Our senior ecologist Sarah Nicholas recently took part in a bat survey with an unusual and exciting height related twist! Working with a team of rope access technicians, Sarah inspected the cliffs of Samphire Hoe to assess whether bats were hibernating in the crevices and cracks in the cliff face. Samphire Hoe is located between Dover and Folkestone in Kent, and is a reclaimed piece of land created by Eurotunnel during the construction of the Channel Tunnel.
Sarah reported,”During the surveys I was quite hopeful I would see a bat, especially as a number of the cracks and crevices in the cliff were quite deep and looked ideal for hibernating bats. However, I was out of luck as I didn’t see any bats during my survey. That said, I thoroughly enjoyed working with the rope access technicians and getting to see the wildlife of Samphire Hoe from a different perspective.”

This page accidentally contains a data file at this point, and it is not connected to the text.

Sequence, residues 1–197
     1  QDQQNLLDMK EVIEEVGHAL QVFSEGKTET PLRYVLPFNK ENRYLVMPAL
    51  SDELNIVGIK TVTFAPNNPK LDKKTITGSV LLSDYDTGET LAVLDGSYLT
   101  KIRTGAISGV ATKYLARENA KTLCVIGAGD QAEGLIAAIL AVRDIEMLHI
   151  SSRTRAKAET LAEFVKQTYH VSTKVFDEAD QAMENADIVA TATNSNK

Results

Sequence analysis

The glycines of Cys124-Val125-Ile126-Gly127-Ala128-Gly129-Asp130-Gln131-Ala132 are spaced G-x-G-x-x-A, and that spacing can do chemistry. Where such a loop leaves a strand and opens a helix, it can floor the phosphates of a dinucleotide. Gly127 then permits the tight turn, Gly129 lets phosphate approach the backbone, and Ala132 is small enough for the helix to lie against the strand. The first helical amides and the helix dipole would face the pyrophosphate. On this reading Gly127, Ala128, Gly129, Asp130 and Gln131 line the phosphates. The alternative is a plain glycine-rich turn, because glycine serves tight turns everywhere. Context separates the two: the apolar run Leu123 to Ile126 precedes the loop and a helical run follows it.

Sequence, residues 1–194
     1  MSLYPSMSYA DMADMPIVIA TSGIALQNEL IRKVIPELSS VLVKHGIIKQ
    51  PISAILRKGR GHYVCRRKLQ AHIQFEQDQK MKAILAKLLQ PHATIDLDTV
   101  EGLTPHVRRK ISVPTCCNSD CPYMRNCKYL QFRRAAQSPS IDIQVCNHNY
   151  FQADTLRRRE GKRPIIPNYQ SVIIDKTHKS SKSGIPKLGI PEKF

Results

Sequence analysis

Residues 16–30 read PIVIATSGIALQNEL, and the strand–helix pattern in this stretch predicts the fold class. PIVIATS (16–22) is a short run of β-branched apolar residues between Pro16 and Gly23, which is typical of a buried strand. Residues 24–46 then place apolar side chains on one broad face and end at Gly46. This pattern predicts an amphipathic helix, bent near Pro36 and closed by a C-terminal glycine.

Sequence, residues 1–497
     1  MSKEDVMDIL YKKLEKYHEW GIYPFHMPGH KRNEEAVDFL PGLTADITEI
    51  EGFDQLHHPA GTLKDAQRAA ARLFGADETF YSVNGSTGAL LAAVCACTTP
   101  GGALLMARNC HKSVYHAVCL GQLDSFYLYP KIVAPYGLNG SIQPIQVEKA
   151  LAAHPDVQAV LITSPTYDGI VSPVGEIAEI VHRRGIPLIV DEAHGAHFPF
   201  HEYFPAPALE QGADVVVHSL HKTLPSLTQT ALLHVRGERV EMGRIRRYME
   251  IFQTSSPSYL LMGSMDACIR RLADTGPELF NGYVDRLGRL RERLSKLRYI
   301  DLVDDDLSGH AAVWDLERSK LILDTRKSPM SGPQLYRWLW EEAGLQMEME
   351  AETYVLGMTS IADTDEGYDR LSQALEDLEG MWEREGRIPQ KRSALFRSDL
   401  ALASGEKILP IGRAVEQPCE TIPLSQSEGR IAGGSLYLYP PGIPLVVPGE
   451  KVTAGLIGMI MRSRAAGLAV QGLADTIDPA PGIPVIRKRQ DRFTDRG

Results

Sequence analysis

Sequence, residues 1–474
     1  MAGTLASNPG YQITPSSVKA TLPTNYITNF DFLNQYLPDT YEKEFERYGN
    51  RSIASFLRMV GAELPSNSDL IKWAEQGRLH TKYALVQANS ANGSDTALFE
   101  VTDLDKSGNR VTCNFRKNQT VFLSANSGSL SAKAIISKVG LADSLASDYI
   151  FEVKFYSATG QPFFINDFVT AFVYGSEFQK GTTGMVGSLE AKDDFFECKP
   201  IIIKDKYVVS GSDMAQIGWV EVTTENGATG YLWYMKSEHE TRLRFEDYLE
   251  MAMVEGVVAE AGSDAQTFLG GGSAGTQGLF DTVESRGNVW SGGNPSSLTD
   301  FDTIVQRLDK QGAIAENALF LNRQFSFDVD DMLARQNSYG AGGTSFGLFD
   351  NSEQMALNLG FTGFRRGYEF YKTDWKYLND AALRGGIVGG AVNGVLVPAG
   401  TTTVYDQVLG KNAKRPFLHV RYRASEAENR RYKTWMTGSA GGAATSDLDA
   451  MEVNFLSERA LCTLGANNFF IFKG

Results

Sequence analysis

Samphire Hoe is well worth a visit and is now a nature reserve with a diverse range of species, including 200 species of plants, such as the rare early spider orchid, 140 bird species and 30 butterfly species. Sarah herself spotted a few bird species including a peregrine, woodcock, pied wagtail, wood pigeon, and a kestrel.